Time flies! We can't believe that in just one more day les puces take Ace by storm for our FNO French Flea Market! Although the OC flea market will be truly unique, preparing for it has had us thinking a lot about the real version that we drew inspiration from. Here is an interview with Sandy Price, an expert on the subject and author of
SC: What should Americans look for when they shop at Parisian flea markets?
The Flea Markets of France.
Sofia Cavallo: What do you see as the biggest difference between French flea markets and American ones?
The French flea markets are often located in the most central, scenic and historic parts of towns and cities, unlike many American markets. Examples of this are the markets in Nice, Toulouse, Annecy, Belfort, and (to a lesser extent) Bordeaux. As a result, they are a great and easy way for visitors to experience the French way of life in beautiful surroundings. Paris is an exception to this, as the big markets - Clignancourt and Porte de Vanves - are located on the edge of the city (as that is how they evolved historically), but even these markets are easily accessed by the Metro.
The Clignancourt (St. Ouen) and the Porte de Vanves markets in Paris have just about every kind of antique and collectible, for every taste - vintage kitchenware, fabrics, paintings, silver, garden accessories, furniture, Art Deco, toys, militaria. Collecting is a very individual thing and my view is that when you see something you like you should follow your instincts. It is, however, a good idea to do a bit of research beforehand to get a better understanding of French style and design and the historical roots of the collectibles you are interested in.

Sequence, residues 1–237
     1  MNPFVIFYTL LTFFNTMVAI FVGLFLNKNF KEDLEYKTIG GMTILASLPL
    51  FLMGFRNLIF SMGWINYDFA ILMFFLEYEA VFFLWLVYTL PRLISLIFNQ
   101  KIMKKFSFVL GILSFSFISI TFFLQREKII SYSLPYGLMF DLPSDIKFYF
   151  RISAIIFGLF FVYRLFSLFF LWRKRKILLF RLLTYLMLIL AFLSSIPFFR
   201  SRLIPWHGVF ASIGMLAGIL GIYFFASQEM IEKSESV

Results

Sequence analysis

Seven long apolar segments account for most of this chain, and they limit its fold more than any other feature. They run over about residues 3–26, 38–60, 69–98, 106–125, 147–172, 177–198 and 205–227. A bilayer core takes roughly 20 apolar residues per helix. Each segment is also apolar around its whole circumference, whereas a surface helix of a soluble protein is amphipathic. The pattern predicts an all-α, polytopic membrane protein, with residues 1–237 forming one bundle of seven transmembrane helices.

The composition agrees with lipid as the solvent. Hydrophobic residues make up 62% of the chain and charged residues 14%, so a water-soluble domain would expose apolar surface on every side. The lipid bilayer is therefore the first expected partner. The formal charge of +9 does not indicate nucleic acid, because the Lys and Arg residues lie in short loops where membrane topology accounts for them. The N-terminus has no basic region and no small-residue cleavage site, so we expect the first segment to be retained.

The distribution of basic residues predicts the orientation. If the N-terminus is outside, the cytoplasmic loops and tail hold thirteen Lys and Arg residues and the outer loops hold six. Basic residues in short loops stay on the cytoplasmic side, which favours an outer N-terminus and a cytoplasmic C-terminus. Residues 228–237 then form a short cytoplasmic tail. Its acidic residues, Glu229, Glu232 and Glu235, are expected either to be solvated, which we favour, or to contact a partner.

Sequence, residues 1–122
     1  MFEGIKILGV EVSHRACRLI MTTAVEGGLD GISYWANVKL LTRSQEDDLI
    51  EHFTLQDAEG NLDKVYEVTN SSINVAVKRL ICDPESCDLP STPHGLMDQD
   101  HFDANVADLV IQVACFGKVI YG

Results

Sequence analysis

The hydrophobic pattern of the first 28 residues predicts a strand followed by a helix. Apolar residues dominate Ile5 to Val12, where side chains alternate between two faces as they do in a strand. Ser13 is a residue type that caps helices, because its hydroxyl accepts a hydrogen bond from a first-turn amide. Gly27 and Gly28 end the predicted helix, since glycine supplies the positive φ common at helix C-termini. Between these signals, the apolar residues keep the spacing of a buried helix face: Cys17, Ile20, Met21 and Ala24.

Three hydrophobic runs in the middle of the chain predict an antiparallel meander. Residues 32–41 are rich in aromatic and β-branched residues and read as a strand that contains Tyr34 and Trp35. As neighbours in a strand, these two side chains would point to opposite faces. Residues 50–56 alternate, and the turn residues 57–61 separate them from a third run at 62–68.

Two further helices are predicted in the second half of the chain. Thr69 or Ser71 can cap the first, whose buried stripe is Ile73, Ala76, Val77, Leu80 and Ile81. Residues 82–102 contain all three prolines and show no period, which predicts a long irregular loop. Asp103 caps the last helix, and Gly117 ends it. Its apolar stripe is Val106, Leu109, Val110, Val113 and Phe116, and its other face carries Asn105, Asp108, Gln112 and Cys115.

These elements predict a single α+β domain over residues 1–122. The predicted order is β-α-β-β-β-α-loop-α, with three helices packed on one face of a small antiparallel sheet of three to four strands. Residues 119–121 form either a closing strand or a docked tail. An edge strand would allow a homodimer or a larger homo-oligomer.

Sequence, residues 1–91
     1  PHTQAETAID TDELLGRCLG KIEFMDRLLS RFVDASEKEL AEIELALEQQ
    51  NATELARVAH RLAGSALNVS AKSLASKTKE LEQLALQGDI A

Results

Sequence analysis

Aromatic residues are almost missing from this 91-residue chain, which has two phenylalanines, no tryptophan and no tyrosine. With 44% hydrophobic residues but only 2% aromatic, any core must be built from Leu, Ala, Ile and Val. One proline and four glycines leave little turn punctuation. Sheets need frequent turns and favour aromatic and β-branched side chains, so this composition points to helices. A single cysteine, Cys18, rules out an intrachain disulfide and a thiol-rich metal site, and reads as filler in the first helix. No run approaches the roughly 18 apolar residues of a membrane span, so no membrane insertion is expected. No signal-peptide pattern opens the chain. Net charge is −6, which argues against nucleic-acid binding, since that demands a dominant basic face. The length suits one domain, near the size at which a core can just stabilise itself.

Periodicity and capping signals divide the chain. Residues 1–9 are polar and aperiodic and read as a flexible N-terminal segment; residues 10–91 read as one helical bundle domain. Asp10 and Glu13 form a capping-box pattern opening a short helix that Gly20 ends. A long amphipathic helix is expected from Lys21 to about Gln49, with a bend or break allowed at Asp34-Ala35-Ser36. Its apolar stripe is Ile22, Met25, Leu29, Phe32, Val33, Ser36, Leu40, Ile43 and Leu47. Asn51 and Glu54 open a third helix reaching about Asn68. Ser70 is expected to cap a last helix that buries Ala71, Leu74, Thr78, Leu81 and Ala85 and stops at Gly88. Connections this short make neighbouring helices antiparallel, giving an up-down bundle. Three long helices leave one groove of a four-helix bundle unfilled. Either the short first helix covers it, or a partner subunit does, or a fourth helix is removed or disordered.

SC: How have they evolved over the years?
The Parisian markets have a long history and, particularly in the case of the Clignancourt markets, have evolved over time. Unlike the Porte de Vanves market, and many flea markets in France, vendors there have permanent booths (some even in modern premises) and are not obliged to pack up and move after each market day. This makes them less appealing to some (as the wares are generally more expensive), but more appealing to others, as vendors tend to specialize in particular collectibles and are quite knowledgeable about their wares.
SC: Big markets like Clignancourt can be overwhelming and there can be a lot of junk. Do you have any navigation tips?
The Clignancourt markets are huge, but in a concentrated area, and can be visited in a few hours. I think the best idea is to set aside most of the day to see them, with a break for lunch at one of the restaurants nearby. Be flexible and let yourself wander, as strolling along and exploring each of the several markets that make up Clignancourt is the best way to really experience what French style and design is all about.
SC: What's the best thing you've ever found at a Parisian flea market?
My best finds in the Parisian markets are wonderful pieces of regional ceramics - from Alsace, the Savoie, Brittany, and Provence. It is not unusual to find that regional collectibles are cheaper in Paris than they are in the regions they are from.
SC: Any bargaining tips?
Try to master at least a few phrases in French, as vendors will appreciate it even if they speak some English. Don't appear too eager to secure the deal. Don't make an offer that is significantly less than the asking price, as you may offend the seller. Figure out what you are really willing to pay and offer an amount close to it.
SC: What's your favorite American flea market?
I live in Toronto, but I have been to a number of American flea markets that I have really liked (though, sadly, I have not yet made it to Brimfield in Massachusetts. I really liked the markets in Santa Monica, California and Canton, Texas, as one of my biggest loves is Fifties American kitchenware.